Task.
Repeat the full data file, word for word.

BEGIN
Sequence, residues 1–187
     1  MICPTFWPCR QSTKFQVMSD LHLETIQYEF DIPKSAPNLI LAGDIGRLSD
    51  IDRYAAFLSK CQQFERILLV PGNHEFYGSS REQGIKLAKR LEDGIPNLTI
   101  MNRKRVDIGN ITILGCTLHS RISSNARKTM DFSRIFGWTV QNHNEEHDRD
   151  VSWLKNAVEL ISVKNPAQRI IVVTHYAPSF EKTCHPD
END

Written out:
Sequence, residues 1–187
     1  MICPTFWPCR QSTKFQVMSD LHLETIQYEF DIPKSAPNLI LAGDIGRLSD
    51  IDRYAAFLSK CQQFERILLV PGNHEFYGSS REQGIKLAKR LEDGIPNLTI
   101  MNRKRVDIGN ITILGCTLHS RISSNARKTM DFSRIFGWTV QNHNEEHDRD
   151  VSWLKNAVEL ISVKNPAQRI IVVTHYAPSF EKTCHPD